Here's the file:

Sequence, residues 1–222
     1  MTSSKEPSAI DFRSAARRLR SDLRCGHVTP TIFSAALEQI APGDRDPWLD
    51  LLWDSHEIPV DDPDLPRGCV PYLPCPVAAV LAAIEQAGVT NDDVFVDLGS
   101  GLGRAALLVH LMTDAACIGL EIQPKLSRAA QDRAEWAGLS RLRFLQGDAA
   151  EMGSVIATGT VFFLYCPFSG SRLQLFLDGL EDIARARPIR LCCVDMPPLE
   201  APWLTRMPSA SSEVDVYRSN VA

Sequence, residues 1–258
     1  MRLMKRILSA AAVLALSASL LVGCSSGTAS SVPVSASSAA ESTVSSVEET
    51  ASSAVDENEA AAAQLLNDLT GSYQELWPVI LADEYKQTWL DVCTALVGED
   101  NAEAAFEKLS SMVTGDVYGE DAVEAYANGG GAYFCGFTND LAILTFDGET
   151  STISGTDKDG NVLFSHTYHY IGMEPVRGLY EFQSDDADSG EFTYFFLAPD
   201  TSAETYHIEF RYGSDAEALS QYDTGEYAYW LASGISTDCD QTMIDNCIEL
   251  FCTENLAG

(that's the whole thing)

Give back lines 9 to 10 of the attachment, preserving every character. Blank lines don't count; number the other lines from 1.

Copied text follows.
    51  ASSAVDENEA AAAQLLNDLT GSYQELWPVI LADEYKQTWL DVCTALVGED
   101  NAEAAFEKLS SMVTGDVYGE DAVEAYANGG GAYFCGFTND LAILTFDGET